Team Opsani is the place where we pull back the Opsani curtain and share stories about our team and our internal goings-on. This month, we sat down for a chat with Chris Li, our principal engineer.

Hey Chris! First things first: How does being a principal engineer differ from simply being an engineer?

Being a principal engineer requires more leadership and depth.

You have an impressive resumé on you. How do you think your experiences with the Linux kernel and VMWare empower your work at Opsani?

The Linux kernel experience is definitely useful in the sense that most of the cloud service is using linux. Both Linux and VMware give me a chance to work on very complex systems with high performance. A lot of those experiences will be able to transfer into the cloud. The container is a Linux environment.

Tell us about your main project, the Opsani Learning Predictive Autoscaler project. What is it and how do you expect it to improve the overall Opsani product?

The ALOS project is basically a smarter way to Kubernetes HPA. In this webinar, I talk about current limits of the Kubernetes HPA, and why it is hard to use for customers. It brings down to 1) HPA by default using CPU as an indication to scale out. That is not effective for non CPU limited service. Other metrics can be set up but require more setup and limited documents. 2) The behavior of the HPA is very sensitive to the HPA target metrics value. It is not easy for customers to pick the perfect value.  3) After the scale up decision, the newly spawn up pods will take some time to spin up and serve the request effectively. The time delayed control is a typical hard problem for control theory.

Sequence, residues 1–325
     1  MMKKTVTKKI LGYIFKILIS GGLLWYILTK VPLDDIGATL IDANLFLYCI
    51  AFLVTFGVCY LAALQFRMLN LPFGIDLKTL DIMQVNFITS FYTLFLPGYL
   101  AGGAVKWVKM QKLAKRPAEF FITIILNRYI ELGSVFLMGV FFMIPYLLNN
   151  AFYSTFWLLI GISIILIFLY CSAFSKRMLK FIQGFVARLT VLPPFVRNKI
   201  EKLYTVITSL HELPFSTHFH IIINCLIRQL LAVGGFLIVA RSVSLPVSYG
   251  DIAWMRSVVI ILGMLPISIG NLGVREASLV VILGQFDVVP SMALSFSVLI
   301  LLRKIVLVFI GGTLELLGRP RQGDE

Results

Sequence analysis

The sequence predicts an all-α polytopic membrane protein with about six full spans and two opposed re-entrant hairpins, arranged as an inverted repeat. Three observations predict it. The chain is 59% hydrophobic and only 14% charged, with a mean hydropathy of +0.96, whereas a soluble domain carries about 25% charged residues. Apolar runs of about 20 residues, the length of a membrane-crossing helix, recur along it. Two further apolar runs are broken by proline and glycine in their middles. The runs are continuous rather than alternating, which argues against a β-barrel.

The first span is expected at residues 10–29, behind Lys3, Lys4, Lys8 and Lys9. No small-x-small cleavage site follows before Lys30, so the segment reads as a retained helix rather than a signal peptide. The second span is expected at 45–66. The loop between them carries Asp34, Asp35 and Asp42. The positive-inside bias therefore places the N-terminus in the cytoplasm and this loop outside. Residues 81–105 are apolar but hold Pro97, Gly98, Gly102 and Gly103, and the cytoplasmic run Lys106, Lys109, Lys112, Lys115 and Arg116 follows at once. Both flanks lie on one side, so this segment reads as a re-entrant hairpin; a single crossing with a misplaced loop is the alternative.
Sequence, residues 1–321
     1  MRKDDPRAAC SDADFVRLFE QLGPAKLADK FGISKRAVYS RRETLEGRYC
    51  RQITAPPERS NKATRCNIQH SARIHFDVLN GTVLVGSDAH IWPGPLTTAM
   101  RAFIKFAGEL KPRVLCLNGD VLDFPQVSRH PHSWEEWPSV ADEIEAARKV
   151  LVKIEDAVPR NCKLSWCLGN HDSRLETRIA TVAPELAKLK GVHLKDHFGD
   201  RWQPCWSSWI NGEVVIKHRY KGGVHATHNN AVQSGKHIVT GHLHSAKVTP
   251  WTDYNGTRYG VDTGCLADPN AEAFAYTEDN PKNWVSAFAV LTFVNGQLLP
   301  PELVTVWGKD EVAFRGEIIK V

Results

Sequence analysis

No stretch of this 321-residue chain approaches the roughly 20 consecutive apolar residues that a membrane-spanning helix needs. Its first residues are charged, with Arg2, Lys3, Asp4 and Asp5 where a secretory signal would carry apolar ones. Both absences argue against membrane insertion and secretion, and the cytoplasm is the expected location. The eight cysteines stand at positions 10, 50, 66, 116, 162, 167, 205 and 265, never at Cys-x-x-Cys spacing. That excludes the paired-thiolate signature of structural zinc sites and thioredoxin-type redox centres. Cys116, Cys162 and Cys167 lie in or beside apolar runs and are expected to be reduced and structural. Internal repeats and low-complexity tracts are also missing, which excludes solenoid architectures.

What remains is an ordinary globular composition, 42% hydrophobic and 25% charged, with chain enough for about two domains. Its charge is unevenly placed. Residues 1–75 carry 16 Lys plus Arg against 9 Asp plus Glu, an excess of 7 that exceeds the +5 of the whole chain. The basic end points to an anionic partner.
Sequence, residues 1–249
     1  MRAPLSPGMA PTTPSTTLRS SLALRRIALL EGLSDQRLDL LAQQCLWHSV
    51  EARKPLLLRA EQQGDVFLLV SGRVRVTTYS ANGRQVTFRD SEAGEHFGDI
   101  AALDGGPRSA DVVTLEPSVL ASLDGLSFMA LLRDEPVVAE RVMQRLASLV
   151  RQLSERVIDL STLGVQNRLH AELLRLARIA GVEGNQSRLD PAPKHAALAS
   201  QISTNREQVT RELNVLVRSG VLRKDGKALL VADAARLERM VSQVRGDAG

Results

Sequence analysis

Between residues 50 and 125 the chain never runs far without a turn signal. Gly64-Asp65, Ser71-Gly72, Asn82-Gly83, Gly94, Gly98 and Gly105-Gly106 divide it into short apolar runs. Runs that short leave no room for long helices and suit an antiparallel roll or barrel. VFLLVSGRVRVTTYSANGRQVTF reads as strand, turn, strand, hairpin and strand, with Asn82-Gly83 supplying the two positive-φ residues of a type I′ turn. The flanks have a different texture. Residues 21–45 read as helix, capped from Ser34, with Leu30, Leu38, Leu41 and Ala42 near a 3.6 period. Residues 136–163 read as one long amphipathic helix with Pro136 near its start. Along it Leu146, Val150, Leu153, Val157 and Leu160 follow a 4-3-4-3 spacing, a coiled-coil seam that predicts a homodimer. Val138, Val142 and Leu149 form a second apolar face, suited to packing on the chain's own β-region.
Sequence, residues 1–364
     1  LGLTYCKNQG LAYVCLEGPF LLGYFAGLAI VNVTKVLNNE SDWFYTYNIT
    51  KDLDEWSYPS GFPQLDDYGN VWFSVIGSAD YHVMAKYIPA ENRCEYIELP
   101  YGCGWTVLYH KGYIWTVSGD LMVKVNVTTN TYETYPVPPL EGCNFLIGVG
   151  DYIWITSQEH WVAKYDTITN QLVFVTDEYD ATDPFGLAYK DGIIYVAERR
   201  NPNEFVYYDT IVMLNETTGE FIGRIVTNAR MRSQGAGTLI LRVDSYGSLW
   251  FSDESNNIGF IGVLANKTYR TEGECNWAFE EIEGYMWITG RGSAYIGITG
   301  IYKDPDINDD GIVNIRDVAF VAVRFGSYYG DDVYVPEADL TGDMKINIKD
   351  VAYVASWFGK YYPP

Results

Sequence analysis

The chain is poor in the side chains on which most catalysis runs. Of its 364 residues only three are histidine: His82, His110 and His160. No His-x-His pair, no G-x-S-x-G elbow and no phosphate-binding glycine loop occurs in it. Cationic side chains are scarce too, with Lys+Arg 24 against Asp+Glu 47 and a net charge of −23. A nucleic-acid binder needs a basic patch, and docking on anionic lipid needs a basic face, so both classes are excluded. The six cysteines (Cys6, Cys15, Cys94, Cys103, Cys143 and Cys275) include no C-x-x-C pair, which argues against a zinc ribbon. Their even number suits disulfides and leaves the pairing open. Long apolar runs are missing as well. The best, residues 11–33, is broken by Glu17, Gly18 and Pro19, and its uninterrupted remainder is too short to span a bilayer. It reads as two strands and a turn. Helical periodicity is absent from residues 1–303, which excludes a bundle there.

OLAS will address those problems by learning the HPA pod behavior and figure out the right time and right moment to scale up. Both saving customer’s money and preserving the service level objective (SLO).

Where else do you think the Opsani AI could branch out? 

Many places. The current cloud space has huge spending and Opsani proves that there are a lot of places to make things better by introducing automation and making them smarter. Anything that requires repeat human labor to maintain can potentially be automated.

Let’s talk about some of your other areas of expertise. What’s your current impression of the blockchain? How should people immersed in cloud technologies be thinking about the blockchain?

How many hours do you have?! I think there is definitely value in blockchain technology. There is also definitely hype and bubble in the current blockchain movement as well. I would think it is hard to find those niche markets where blockchain can really shine to solve some real problems and provide real value. As you can tell, I don’t advertise “everything with blockchain is so much better.”

How about flight control systems for drones, another area of interest for you. Does the AI used here have any parallels with the Opsani AI?

Actually, it does. A big part of the flight control is real time control systems. OLAS is a control system, it is actually much easier than flight control. In flight control we need to process the sensor data and generate control output every 1ms. In HPA it is 1 minute at most. Also the cloud behavior is much more consistent than the flight control system, which is subject to wind, camera lighting conditions etc.